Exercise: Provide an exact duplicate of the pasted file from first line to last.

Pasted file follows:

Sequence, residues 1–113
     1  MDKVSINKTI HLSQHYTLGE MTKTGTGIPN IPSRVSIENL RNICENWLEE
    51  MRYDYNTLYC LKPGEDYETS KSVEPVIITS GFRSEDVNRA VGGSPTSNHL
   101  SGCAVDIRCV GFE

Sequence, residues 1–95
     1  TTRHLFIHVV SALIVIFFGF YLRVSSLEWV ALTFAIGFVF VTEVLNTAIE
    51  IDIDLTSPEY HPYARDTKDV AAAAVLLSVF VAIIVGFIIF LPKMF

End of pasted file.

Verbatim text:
Sequence, residues 1–113
     1  MDKVSINKTI HLSQHYTLGE MTKTGTGIPN IPSRVSIENL RNICENWLEE
    51  MRYDYNTLYC LKPGEDYETS KSVEPVIITS GFRSEDVNRA VGGSPTSNHL
   101  SGCAVDIRCV GFE

Sequence, residues 1–95
     1  TTRHLFIHVV SALIVIFFGF YLRVSSLEWV ALTFAIGFVF VTEVLNTAIE
    51  IDIDLTSPEY HPYARDTKDV AAAAVLLSVF VAIIVGFIIF LPKMF